The CO2SAFE-ARREST joint industry project (JIP) aims to (1) investigate the fracture propagation and arrest characteristics of steel pipelines carrying anthropogenic CO2, and (2) to investigate the dispersion of CO2 following its release into the atmosphere. The project is supported by two full-scale burst tests, each based on a layout of eight X65 grade 24″ line pipes filled with a dense-phase CO2-N2 mixture. The tests were conducted over the 2017–2018 period at the DNV GL testing site at Spadeadam, UK. An overview of both the CO2SAFE-ARREST JIP and the first full-scale burst test is provided in a companion paper (IPC2018-78517). The dispersion aspect is covered in another companion paper (IPC2018-78530).
This paper presents the material properties, the design layout and the results of the first full-scale burst test. Material characterisation of the pipes available to the project and the motivation leading to the design of the layout are first presented. Six pipes had a nominal wall thickness of 13.5 mm and the remaining two pipes had a nominal wall thickness of 14.5 mm. Laboratory testing was conducted on the material at the end of each pipe section. The testing consisted of Charpy impact and Drop Weight Tear tests, capturing the upper shelf fracture energy, load-displacement curves and an assessment of the fracture surfaces. Charpy and Drop Weight Tear test energies as well as strength data are provided.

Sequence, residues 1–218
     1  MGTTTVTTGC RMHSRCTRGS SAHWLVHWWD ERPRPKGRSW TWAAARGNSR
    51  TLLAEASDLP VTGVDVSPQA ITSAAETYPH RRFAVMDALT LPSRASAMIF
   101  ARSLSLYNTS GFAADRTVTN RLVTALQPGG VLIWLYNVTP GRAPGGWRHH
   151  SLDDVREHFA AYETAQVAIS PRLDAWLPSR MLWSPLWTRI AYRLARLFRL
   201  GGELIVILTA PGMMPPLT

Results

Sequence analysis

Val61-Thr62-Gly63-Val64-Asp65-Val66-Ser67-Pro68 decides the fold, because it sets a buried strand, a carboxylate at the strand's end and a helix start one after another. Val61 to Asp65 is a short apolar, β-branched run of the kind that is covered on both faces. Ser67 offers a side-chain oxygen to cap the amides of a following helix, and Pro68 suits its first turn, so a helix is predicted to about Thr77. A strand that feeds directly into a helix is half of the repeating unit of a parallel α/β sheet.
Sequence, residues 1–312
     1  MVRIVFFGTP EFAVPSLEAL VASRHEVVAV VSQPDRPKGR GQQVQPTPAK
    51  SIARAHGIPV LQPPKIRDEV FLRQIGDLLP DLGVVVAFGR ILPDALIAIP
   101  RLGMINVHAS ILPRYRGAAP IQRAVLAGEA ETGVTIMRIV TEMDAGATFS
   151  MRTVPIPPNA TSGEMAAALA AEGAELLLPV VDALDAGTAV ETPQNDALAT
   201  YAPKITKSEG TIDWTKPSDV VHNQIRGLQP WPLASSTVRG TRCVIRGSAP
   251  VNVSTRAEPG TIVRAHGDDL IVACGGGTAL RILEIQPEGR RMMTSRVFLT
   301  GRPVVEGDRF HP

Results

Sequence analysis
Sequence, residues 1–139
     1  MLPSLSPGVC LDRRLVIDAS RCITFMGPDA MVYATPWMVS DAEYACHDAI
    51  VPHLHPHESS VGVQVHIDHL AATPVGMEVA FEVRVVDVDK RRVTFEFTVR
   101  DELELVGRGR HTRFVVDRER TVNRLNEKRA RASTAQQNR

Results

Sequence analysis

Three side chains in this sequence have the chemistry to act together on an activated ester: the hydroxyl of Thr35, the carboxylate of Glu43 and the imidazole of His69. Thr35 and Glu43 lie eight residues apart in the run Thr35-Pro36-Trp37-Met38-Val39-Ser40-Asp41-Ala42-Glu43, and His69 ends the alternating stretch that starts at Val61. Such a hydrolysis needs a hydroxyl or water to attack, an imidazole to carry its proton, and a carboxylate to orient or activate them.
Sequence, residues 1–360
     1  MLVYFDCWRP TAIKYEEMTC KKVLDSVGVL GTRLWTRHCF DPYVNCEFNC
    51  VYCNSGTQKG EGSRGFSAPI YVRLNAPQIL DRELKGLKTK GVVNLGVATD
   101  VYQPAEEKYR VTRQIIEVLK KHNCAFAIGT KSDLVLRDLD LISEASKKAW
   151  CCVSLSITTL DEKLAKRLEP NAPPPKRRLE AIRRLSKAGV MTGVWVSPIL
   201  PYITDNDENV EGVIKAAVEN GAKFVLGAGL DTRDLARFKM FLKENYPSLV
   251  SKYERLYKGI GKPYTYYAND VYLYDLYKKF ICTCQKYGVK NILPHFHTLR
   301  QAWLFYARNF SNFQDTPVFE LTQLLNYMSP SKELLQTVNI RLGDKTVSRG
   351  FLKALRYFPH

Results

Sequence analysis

The layout reflects the research focus of the project with both conventional and less conventional pipe arrangements. The test was primarily designed around 13.5 mm nominal wall thickness pipes with a 1m depth backfill and laid East-West. The design was telescopic and introduced an asymmetry with respect to the mid-point by arranging pipe sections with increasing Charpy toughness on one side and increasing yield strength on the opposite side.
The fracture was initiated at half-length, across the girth weld between the ‘west’ and ‘east’ initiation pipes. A running ductile fracture ensued, followed by an arrest in the third pipe on either side of the test section. Experimental data relevant to fracture velocity, decompression wave speed of the CO2-N2 mixture and pressure at the crack tip are presented.
The discussion is driven from the perspective of traditional running ductile fracture control technology applied to dense-phase CO2 carrying pipelines. Emphasis is put on the analysis of the fracture velocity and transient pressure data relative to the properties of the material and CO2 mixture. The limitations of the Battelle Two-Curve Method (BTCM) traditionally used in the analysis of running ductile fracture are discussed.
The design of this test was different from that used in the three full-scale burst tests conducted as part of the COOLTRANS project. The conclusions drawn here support those from the COOLTRANS project and apply to larger D/t ratios. The first CO2SAFE-ARREST test provides additional evidence that the original Battelle Two-Curve Model is not applicable to dense-phase CO2 carrying pipelines. A shift in prediction tool technology is called for.